July 2011 Issue 4
Steve Forbes interviews Joel Greenblatt
Following his success with “The Little Book that beats the Market”, Joel Greenblatt is on the interview circuit again, promoting his 3rd book, “The Big Secret for the Small Investor”. This interview is packed with insight, extolling the virtues of disciplined long-term value investing but also describing how few people have the patience to execute on it. He argues articulately that despite the significant research, which supports the long-term out performance of this style of investment, the opportunity has not been diminished by the market but has expanded on account of institutional bias within the main stream fund management community.
Transcript of David Einhorn’s Speech at the Ira Sohn Conference
David Einhorn discusses the pricarious nature of US finances and provides two long-only tips which includes one of our positions, Microsoft.
Howard Marks: How Quickly They Forget
Howard Marks is the highly respected CEO of Oaktree Capital and author of the book: “The Most Important Thing”, which should be on every Value Investor’s reading list. In this letter to his investors, he sets out the psychology of investment which leads people to so quickly forget the lessons, that they think they learn in periods of crises.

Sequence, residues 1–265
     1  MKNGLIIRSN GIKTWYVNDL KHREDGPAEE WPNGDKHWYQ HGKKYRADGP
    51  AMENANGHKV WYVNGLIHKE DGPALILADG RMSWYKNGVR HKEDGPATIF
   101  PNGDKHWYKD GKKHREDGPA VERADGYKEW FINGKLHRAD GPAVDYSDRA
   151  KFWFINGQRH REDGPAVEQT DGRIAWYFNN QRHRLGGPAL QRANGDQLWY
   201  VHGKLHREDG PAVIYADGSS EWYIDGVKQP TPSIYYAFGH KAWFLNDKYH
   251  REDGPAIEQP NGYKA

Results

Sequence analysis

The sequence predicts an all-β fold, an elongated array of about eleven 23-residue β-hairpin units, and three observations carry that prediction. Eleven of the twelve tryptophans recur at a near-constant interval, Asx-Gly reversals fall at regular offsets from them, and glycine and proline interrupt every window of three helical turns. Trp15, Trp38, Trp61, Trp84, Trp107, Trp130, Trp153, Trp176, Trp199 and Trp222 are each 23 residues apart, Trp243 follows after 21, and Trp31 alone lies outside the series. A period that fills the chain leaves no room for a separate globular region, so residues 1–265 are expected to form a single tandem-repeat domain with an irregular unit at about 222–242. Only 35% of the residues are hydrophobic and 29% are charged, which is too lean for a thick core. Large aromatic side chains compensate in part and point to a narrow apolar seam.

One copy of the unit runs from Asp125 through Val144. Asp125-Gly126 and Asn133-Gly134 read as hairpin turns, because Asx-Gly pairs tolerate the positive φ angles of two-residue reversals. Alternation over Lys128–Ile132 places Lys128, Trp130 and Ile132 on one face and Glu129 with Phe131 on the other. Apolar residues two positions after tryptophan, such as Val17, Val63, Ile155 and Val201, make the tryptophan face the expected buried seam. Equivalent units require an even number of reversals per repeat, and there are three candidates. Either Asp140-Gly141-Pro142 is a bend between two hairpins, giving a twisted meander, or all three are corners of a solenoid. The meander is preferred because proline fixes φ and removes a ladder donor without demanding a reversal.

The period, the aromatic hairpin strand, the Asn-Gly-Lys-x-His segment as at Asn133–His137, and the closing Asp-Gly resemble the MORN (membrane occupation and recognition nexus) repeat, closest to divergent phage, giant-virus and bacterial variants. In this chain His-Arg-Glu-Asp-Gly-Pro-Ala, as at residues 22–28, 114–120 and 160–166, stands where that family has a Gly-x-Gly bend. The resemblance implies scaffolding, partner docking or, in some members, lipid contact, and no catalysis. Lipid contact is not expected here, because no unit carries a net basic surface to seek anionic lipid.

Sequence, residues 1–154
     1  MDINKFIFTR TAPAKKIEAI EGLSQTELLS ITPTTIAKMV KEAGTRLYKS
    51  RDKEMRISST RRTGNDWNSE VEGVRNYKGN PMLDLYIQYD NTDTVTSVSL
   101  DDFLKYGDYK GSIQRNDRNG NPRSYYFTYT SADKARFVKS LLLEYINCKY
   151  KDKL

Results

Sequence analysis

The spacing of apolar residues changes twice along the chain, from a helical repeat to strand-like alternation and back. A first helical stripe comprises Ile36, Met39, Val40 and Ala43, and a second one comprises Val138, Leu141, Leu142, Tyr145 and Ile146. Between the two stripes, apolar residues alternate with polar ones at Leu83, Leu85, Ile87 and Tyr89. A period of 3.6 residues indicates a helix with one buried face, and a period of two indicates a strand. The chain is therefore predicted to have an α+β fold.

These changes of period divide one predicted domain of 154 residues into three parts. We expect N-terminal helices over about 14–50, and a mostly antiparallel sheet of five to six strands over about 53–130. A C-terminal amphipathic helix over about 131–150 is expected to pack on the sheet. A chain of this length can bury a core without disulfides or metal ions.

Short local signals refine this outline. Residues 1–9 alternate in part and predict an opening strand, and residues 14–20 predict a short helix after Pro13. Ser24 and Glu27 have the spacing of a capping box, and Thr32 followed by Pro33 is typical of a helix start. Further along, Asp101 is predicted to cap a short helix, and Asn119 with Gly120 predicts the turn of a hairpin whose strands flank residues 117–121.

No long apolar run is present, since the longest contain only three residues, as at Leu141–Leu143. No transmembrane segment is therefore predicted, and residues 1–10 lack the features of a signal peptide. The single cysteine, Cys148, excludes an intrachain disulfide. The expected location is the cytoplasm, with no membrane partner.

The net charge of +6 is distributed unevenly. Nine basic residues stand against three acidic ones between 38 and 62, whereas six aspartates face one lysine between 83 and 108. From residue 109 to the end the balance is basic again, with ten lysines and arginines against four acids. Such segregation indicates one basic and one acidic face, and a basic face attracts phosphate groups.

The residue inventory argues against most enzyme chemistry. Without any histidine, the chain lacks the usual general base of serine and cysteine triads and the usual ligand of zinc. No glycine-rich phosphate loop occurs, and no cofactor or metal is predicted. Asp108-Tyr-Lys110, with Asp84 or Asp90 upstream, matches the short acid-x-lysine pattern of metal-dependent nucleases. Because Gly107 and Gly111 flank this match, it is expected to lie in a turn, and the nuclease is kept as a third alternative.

James Montier: A Value Investor’s Perspective on Tail Risk Protection: An Ode to the Joy of Cash
Warren Buffett first coined the phrase “an economic moat”, by which he meant the factors that enable some businesses to sustain and protect above average profits for a long period of time. In this Video, Pat Dorsey, the author of ‘The little book that builds wealth’ sets out his 4 categories of an economic moat. I have included a second link, which covers the same content in an article rather than a video.
Zeke Ashton: Evolution of a Value Investor: It’s All about the Process
We really liked this article. Coming from a business background, we found it very natural to establish a well defined process early on to support our investment decision making. In investment management, establishing and implementing a disciplined process avoids the frailty of emotion and provides a platform for learning